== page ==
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Houston: Beware of a Post-Harvey Charter Conversion of Your Schools

August 29, 2017

Today is the 12th anniversary of Hurricane Katrina, and Hurricane Harvey is wreaking havoc on Houston, Texas.

My heart is with Houston.

Twelve years ago today, my sister called me in a panic. She had just spoken with my mother who refused to evacuate for Katrina. My mother told my sister, “I have to go. The house is filling with water.”

And so it did– right into the attic.

For a week, we did not hear from my mother. I will spare readers of the visions tormenting my mind.

As it turns out, by the grace of God (and I do not write that lightly), my mother escaped the house; ended up in the flood waters; was rescued by a local man with a boat, and eventually ended up… in Houston.

A multitude of family and friends lost everything in a prolonged chaos.

I was teaching in Indiana at the time, at Ball State. For a while I started each class by crying. My students waited patiently for me to collect my bearings.

Louis Armstrong’s song, “Do You Know What It Means to Miss New Orleans?” still chokes me up.

So, I understand, Houston. I understand. I do not want to appear callous to your loss.

But Houston, you will need to watch your schools.

On August 28, 2017, education blogger Steven Singer posted a piece entitled, “After Hurricane Harvey, Will Houston Public Schools be Charterized?”

It’s a critical question.

As is true in numerous states, Texas has enacted legislation allowing state takeover of either entire school districts or individual schools. And the site, Strategic Partnerships, Inc., a site which advertises “leading the way in the rapidly expanding area of public-private partnerships,” includes this April 2017 article on Texas school district “turn-around, takeover, or transfer.”

As one might expect, the article does not cover the “what if” of the likes of Hurricane Harvey wiping out Houston Independent School District (HISD).

Strategic Partnerships does not appear to be waiting to pull the rug out from under HISD in the name of an all-charter conversion. As of this writing, Strategic Partnerships has written about school choice and has included criticisms of school choice in its writing.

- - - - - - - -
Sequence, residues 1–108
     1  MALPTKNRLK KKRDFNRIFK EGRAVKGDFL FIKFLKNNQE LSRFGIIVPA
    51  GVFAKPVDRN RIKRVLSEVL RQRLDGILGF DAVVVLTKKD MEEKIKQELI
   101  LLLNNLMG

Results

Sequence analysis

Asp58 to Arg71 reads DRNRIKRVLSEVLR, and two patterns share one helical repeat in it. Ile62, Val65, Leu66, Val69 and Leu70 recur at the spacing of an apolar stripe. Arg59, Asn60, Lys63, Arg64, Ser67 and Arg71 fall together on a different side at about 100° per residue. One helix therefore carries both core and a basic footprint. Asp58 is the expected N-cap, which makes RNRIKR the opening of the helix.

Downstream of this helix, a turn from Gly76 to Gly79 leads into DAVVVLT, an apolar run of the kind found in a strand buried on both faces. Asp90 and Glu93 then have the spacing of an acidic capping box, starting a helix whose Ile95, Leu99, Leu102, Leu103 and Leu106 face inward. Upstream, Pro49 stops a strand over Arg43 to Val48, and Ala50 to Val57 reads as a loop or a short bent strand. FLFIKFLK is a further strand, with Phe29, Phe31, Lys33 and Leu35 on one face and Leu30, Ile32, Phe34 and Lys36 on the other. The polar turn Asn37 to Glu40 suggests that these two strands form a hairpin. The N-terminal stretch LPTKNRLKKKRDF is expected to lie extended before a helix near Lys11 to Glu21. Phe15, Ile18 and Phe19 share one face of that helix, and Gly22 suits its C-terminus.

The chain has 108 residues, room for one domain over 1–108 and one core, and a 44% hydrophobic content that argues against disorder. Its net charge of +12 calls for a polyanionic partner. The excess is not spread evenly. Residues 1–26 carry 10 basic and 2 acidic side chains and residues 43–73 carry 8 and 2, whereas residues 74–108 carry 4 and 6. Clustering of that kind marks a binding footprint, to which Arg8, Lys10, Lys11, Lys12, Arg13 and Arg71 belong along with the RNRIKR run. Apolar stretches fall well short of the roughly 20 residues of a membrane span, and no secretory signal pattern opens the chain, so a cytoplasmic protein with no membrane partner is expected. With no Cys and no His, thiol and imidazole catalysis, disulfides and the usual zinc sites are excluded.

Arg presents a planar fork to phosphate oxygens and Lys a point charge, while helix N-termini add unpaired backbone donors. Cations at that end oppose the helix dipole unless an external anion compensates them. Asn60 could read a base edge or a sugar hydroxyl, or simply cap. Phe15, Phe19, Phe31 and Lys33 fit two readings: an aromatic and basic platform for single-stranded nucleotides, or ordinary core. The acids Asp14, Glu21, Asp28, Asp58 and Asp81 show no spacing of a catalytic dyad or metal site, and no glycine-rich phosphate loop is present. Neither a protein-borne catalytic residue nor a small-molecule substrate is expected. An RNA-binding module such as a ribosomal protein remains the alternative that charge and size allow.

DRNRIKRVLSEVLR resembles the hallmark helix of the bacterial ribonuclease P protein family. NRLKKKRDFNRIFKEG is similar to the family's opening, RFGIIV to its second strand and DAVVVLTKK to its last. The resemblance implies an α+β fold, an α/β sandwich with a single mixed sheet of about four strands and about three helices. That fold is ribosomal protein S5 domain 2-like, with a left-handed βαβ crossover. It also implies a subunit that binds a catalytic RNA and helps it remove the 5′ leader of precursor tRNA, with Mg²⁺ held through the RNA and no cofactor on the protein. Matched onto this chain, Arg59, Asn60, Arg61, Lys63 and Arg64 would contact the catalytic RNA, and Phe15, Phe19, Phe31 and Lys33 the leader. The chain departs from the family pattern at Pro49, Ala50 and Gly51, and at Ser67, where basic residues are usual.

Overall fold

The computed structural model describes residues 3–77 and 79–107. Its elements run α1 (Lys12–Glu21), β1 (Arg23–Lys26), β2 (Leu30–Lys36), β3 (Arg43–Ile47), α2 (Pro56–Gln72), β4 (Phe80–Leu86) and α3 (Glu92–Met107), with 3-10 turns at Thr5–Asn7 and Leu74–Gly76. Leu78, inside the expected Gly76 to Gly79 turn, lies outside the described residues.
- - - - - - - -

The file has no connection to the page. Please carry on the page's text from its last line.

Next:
Still, Houston, there are outside forces who love privatization, including the Walton Family Foundation (WFF), which targets specific school districts within specific states for charter school start-up grants.

And HISD is on the WFF targeted districts list.

WFF is a major funder of charter school start-ups. According to its 2015 strategic plan, WFF is responsible for funding 1 in 4 charter school start-ups.

I do not put it past WFF to try to use its influence to “help” post-Harvey HISD, uh, get back on its feet by waving substantial WFF conditional dollars either before HISD or before state legislators in an effort to capitalize on an all-charter HISD conversion.

I know you are suffering right now, Houston, and will be for a while. However, if one takes a lesson from Louisiana, the state legislature pounced only a few months following Katrina (in November 2005) with state-takeover legislation designed to hand most of New Orleans’ public schools over to those who would convert those schools into charters.

In short, the Louisiana legislature purposely chose to enact a more powerful version of state-takeover legislation before the New Orleans public had a chance to gain its bearings following Katrina.

So, I suggest that in the upcoming weeks, those who value the traditional public schools in HISD begin asking their elected officials questions about restoring HISD and ferreting out any secretive intentions to make HISD yet another all-charter “experiment.”

I realize as I write this that Houstonians are currently in profound crisis and may not have their minds on their traditional public schools. But this is exactly the time that those who would pull your public schools right out from under you could be formulating plans to seize their moment.

A good place to start would be by contacting the HISD superintendent and the HISD board, as well as state senators and representatives for Harris County (Houston).

God bless you, Houston.



Want to read about the history of charter schools and vouchers?

School Choice: The End of Public Education? 

school choice cover  (Click image to enlarge)

Schneider is a southern Louisiana native, career teacher, trained researcher, and author of two other books: A Chronicle of Echoes: Who’s Who In the Implosion of American Public Education and Common Core Dilemma: Who Owns Our Schools?. You should buy these books. They’re great. No, really.

both books

Don’t care to buy from Amazon? Purchase my books from Powell’s City of Books instead.


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